Dynamic Tumor-Specific MHC-II Immuno-PET Predicts the Efficacy of Checkpoint Inhibitor Immunotherapy in Melanoma

Zhen Yang, Feng Li, Yuqian Huang, Na Yin, Junjun Chu, Ying Ma, Roderic I. Pettigrew, Dale J. Hamilton, Diego R. Martin, Zheng Li

Research output: Contribution to journalArticlepeer-review

4 Scopus citations


Despite the advance of immunotherapy, only a small subset of patients gains long-term survival benefit. This fact represents a compelling rationale to develop immuno-PET imaging that can predict tumor response to immunotherapy. An increasing number of studies have shown that tumor-specific major histocompatibility complex II (tsMHC-II) is associated with improved responses to targeted immunotherapy. The aim of this study was to investigate the potential of tsMHC-II protein expression and its dynamic change on treatment with interferon γ (IFNγ) as a new target for immuno-PET to predict response to immunotherapy. Methods: Major histocompatibility complex II (MHC-II) antibody was radiolabeled with DOTA-chelated 64Cu to derive an MHC-II immuno-PET tracer. Two melanoma models (B16SIY, B16F10) that are respondent and nonrespondent, respectively, to PD1/PD-L1 checkpoint inhibitor were used. Both tumor models were treated with anti-PD1 and IFNγ, enabling observation of dynamic changes in tsMHC-II. Small-animal PET imaging, biodistribution, and histologic studies were performed to validate the correlation of tsMHC-II with the tumor response to the immunotherapy. Results: Fluorescence-activated cell sorting analysis of the 2 tumors supported the consensual recognition of tsMHC-II correlated with the tumor response to the immunotherapy. The in vivo PET imaging revealed higher basal levels of tsMHC-II in the responder, B16SIY, than in the nonresponder, B16F10. When treated with anti-PD1 antibody in animals, B16SIY tumors displayed a sensitive increase in tsMHC-II compared with B16F10 tumors. In IFNγ stimulation groups, the greater magnitude of tsMHC-II was further amplified when the IFNγ signaling was activated in the B16SIY tumors, as IFNγ signaling positively upregulates tsMHC-II in the tumor immunity. Subsequent histopathologic analysis supported the correlative characteristics of tsMHC-II with tumor immunity and response to cancer immunotherapy. Conclusion: Collectively, the predictive value of tsMHC-II immuno-PET was validated for stratifying tumor immunotherapy responders versus nonresponders. Monitoring sensitivity of tsMHC-II to IFNγ stimulation may provide an effective strategy to predict the tumor response to immunotherapy.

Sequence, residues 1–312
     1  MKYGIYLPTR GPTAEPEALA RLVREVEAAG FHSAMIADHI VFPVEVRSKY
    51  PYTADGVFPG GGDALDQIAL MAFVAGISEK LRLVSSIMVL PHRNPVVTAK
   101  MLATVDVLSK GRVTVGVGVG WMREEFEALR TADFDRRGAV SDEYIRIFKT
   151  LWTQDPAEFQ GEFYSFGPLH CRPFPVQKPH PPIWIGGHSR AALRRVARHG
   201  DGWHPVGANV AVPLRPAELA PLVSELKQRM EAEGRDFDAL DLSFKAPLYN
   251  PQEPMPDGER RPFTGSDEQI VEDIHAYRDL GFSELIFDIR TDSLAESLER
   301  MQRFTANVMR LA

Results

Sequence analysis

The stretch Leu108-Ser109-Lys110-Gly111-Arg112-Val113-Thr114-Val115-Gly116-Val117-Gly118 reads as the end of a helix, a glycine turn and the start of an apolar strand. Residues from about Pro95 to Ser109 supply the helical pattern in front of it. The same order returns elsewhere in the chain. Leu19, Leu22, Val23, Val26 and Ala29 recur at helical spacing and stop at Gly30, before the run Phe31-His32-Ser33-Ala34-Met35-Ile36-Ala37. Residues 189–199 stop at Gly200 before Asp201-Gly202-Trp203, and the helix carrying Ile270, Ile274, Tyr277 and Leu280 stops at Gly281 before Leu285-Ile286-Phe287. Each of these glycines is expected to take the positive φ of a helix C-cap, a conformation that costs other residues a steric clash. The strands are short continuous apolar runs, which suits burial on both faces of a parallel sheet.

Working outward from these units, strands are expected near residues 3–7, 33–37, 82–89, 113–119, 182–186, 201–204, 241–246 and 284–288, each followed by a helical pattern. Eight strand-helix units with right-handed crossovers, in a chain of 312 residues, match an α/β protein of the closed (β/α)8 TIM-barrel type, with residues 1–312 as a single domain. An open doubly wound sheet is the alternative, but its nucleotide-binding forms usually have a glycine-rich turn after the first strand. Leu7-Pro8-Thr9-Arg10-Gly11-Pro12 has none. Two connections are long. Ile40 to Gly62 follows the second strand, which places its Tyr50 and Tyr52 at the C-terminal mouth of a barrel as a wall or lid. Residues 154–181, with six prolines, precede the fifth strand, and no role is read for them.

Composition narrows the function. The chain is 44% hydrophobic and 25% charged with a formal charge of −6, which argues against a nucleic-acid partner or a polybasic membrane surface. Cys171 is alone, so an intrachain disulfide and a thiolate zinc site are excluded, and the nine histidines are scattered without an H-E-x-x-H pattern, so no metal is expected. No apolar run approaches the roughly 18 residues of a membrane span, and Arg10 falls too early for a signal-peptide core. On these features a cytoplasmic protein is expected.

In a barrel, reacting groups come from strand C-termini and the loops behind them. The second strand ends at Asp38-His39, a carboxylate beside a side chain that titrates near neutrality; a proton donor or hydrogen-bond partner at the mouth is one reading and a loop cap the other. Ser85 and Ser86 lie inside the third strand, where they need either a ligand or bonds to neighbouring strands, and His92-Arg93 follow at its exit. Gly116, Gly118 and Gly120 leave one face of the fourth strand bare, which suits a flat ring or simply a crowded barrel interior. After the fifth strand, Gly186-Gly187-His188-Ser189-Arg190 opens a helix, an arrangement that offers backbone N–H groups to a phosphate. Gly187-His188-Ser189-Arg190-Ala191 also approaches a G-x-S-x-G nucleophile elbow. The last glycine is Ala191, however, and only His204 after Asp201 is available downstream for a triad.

Original languageEnglish (US)
Pages (from-to)1708-1714
Number of pages7
JournalJournal of nuclear medicine : official publication, Society of Nuclear Medicine
Issue number11
StatePublished - Nov 1 2022


  • MHC-II
  • anti-PD1 immunotherapy
  • immuno-PET
  • melanoma
  • molecular imaging
  • Immunologic Factors
  • Immunotherapy/methods
  • Melanoma
  • Tissue Distribution
  • Animals
  • Programmed Cell Death 1 Receptor
  • Positron-Emission Tomography/methods
  • Multiple Myeloma

ASJC Scopus subject areas

  • Radiology Nuclear Medicine and imaging


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